Regardless of the level of RSBM in the diets, increasing the inclusion rate of protease significantly reduced the weight of the small intestine during the starter phase. Ao (2011) reported that enzyme supplementation can reduce the negative impact of anti-nutrients. The duodenum was particularly affected in this study because it is the first part of the small intestine and holds the pancreas in place. It is likely that any change in the size of the pancreas would extend to this region of the small intestine. Other visceral organs were largely unaffected possibly because they are not directly involved with digestion or physical contact with the diet. This current result might show an effective strategy to reduce the adverse impacts of ANF, particularly TI on digestive organs of chicks at early age.

When increasing the level of the microbial protease in diets, the BWG was improved and weight of small intestine reduced, but no influence on weight of pancreas at 10 d of age. The results of this study showed that due to the supplementation of microbial enzymes in diets, the vital organs (e.g. pancreas and small intestine) might help to improve the physiological functions (secreting the functional enzymes and changing the intestinal structures) of birds, which generally enables an increase of the nutrient absorption (small intestines) and thereby leads to improved performance of birds, particularly at early age. These all might be mainly influenced by the supplements of microbial protease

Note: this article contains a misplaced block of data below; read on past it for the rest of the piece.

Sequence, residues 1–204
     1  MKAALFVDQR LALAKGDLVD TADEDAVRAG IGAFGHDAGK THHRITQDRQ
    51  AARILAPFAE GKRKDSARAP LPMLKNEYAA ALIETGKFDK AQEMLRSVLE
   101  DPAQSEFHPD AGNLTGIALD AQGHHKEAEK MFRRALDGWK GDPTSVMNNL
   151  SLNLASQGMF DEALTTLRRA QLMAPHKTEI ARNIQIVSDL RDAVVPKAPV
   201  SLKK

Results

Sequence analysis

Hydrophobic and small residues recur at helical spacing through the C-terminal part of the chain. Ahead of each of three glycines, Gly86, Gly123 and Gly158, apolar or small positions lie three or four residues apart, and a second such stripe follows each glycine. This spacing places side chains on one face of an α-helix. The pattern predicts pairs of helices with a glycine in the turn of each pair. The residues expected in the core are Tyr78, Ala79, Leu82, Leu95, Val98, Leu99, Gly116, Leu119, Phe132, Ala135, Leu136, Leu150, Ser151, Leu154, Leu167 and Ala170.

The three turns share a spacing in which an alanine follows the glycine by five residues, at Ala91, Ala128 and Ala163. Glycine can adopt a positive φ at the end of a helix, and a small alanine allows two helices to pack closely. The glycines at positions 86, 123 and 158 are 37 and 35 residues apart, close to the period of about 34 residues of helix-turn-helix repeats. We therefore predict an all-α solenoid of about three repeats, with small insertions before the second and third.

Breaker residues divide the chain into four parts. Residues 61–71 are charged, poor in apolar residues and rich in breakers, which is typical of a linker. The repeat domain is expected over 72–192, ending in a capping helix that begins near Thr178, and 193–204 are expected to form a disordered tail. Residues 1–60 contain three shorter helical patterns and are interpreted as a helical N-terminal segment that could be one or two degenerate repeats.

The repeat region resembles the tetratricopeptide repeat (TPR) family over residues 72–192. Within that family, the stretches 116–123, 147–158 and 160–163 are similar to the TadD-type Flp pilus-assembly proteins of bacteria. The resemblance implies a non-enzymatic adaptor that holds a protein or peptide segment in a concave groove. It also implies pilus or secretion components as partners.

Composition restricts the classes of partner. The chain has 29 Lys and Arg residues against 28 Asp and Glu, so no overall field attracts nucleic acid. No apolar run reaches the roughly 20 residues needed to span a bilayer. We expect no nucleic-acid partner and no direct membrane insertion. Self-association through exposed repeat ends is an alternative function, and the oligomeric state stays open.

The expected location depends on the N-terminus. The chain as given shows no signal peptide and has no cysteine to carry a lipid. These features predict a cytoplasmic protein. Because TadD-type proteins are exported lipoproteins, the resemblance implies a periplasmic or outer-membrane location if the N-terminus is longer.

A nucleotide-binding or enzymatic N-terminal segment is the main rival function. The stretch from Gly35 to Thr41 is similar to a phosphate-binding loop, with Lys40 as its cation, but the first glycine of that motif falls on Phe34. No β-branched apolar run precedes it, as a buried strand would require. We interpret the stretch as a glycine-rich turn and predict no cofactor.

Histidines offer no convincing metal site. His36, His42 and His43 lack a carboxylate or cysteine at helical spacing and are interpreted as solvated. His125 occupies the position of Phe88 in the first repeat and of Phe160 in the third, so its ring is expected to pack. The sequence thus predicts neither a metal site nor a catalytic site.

Although some of the dietary treatment groups contained the TI concentration beyond the threshold level for non-ruminant animals, supplementation with microbial protease slightly enabled the birds to tolerate up to 20% of the RSBM, replacing the commercial SBM without greatly compromising bird productivity. The RSBM reduced growth during the early period (1 - 10 d), but over time, all treatment groups achieved almost the same BWG. A cost-benefit analysis may be needed, to ascertain the economic benefits, if any, of the inclusion of some RSBM in the diet for broiler chickens.



The financial support by DSM, Singapore and University of New England, Australia are gratefully acknowledged. The opinions expressed by the author are his own and do not, in any way, reflect on the sponsor.

Authors' Contributions

MME and PAI were in charge of the experimental design, implementation and writing the manuscript. All authors participated in interpreting and reviewing the results of the study.

Conflict of Interest Declaration

There are no conflicts of interest.



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Received 4 November 2016
Accepted 12 December 2016
First published online 21 December 2016